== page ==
Indirect reduction with a distractor
An appropriately positioned large distractor or external fixator is a very helpful tool for reduction.
Medial positioning allows subcutaneous access to the tibia. A laterally based distractor requires a pin through the anterior muscular compartment but provides more efficient distraction of any associated fibular fracture, and correction of valgus deformities. Distraction can be used for the open reduction and plate fixation of the fibula as first step (in case of simple fracture pattern of the fibula) and for the reduction of the tibia.
Schanz screws are positioned in safe zones of the tibial shaft and talar neck (or the calcaneal tuberosity). In case of previously applied joint-bridging fixator, the already existing Schanz screws can be used.
Final reduction depends upon bringing the proximal and distal tibial segments into proper position against a correctly contoured plate. Non-locked screws or push-pull reduction devices can be used to approximate the bone to the plate.
7. Plate insertion
The plate is inserted after proximal tunneling with a blunt instrument.
Depending on the fracture situation, the plate is usually positioned on the anteromedial aspect of the tibia.
8. Plate fixation
Preliminary plate stabilization
Temporary fixation can be performed with K-wires through the screw holes (or inserted drill sleeves) to check the final plate position before the first screw is inserted.
Once accurate restoration of length, alignment and rotation have been achieved, provisional stabilization of the plate can be performed with a single conventional “positioning” screw inserted through the plate. If this is achieved with the most proximal screw, it is advisable to formally expose the proximal end of the plate.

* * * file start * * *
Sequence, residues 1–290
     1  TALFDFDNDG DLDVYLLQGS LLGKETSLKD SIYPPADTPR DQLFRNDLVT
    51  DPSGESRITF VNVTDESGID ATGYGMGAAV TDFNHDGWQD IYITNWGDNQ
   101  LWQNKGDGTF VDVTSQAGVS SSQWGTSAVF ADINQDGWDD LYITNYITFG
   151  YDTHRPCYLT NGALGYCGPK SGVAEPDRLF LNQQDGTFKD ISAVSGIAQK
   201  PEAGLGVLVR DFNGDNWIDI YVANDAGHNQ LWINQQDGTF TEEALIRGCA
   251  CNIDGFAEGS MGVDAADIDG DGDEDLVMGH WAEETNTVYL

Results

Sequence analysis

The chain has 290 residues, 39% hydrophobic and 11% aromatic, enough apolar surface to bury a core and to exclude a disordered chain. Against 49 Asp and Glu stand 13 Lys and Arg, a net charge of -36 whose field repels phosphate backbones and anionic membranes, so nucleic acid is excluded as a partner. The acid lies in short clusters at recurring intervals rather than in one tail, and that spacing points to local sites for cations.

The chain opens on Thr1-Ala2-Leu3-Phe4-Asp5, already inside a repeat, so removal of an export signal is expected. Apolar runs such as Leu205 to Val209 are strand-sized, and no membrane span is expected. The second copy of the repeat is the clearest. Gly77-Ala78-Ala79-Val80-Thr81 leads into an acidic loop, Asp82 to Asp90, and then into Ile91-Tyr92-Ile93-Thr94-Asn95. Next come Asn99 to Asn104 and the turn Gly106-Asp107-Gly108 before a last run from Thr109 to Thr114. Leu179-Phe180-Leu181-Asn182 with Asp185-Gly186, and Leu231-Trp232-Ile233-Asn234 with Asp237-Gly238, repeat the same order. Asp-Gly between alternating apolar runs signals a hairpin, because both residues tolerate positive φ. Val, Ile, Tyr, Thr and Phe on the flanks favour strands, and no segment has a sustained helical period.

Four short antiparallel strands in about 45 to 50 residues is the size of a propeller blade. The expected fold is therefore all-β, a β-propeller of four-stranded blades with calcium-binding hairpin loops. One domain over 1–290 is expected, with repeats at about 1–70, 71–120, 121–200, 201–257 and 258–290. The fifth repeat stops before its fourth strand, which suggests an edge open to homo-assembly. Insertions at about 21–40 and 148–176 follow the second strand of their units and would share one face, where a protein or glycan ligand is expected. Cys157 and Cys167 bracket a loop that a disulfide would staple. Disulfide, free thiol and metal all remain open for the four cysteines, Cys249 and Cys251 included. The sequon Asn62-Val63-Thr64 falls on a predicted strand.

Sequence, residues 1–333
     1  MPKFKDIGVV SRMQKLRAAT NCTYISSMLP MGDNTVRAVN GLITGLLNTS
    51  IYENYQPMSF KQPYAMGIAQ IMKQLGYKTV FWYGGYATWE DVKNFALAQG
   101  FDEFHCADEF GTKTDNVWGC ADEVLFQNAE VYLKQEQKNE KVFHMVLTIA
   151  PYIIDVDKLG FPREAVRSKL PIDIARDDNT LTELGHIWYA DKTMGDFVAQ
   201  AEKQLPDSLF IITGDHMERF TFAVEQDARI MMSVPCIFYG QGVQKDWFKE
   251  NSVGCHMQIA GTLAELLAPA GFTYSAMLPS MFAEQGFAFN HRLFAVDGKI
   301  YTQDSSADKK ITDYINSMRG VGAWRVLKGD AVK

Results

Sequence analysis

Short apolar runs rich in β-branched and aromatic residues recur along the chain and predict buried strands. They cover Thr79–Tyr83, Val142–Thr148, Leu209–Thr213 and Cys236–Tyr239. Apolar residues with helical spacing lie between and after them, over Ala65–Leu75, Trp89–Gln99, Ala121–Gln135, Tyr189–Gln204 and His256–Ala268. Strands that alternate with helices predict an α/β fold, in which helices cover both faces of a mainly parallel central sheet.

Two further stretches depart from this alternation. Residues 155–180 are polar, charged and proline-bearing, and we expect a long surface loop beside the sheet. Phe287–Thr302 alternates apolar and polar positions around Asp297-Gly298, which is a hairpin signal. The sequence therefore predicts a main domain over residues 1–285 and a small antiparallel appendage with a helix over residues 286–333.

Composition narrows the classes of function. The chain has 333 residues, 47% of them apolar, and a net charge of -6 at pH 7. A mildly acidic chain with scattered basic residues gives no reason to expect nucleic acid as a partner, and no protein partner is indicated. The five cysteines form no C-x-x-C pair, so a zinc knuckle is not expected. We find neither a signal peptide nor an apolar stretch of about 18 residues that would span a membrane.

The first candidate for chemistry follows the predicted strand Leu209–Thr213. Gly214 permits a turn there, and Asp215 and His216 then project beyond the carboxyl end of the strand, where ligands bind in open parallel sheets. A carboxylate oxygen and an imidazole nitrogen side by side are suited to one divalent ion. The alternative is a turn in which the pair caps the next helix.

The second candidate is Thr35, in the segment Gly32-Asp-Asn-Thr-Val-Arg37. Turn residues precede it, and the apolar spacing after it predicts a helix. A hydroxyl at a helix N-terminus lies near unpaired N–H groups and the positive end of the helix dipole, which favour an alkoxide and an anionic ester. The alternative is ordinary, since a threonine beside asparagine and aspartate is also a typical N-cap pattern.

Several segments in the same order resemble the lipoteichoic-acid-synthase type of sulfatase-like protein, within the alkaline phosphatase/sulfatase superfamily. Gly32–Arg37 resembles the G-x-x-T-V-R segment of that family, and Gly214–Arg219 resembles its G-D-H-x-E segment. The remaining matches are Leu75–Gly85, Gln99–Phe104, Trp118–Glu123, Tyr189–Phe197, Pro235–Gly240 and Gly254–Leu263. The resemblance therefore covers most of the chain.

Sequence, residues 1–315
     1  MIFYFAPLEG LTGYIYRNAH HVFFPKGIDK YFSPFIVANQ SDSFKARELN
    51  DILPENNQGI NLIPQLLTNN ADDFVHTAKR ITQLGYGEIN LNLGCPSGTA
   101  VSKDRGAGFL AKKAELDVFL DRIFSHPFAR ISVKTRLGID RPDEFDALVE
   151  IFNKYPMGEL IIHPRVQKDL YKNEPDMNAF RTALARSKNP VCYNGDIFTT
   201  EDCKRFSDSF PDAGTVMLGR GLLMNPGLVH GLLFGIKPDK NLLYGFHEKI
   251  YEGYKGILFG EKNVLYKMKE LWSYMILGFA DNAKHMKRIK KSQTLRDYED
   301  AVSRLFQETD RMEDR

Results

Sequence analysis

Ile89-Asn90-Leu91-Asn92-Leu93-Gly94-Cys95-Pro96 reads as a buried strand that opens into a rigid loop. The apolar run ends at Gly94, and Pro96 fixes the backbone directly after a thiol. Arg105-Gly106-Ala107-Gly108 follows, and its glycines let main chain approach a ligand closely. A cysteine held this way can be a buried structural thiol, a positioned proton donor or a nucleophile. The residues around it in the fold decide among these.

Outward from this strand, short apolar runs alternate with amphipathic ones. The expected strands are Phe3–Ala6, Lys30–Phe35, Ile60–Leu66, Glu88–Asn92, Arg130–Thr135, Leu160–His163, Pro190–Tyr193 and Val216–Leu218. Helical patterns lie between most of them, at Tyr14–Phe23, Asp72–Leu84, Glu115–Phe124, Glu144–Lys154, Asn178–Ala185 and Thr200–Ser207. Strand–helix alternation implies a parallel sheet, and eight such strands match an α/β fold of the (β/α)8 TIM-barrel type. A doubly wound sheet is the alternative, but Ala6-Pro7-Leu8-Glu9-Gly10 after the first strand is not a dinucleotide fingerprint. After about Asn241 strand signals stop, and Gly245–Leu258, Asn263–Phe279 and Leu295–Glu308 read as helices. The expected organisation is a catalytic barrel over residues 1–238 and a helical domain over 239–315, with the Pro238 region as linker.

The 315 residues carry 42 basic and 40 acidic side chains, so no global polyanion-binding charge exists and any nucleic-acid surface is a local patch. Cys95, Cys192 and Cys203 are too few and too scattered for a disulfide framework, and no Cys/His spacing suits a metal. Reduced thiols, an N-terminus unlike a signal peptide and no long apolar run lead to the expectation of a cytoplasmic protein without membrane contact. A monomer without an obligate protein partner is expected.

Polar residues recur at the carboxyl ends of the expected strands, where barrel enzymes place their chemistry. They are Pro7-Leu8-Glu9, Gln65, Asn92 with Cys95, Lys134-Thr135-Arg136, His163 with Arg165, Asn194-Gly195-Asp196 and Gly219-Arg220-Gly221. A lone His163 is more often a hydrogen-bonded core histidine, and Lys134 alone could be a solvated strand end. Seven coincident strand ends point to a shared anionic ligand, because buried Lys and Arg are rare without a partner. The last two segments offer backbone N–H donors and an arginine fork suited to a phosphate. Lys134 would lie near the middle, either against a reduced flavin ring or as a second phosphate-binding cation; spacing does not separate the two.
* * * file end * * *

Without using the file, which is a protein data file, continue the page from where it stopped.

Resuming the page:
Reduction is finalized by pulling the distal segment against the plate with a non-locking screw or other instrument (e.g., push-pull device).
Further proximal and distal screw insertion is completed.
The number and position of the screws inserted is dependent on the individual fracture pattern and bone quality. Ideally the concept of “balanced” fixation should try to be achieved. Usually, the metaphysis requires more screws (3-5) than the diaphysis (2-3). In osteoporotic bone, the number of screws must be increased on both sides of the fracture.
Locking head screws (LHS) may improve fixation in osteoporotic bone and short periarticular segments. Non-locking screws may be used first to reduce the fracture against the plate. They may be sufficient for definitive fixation in the diaphysis.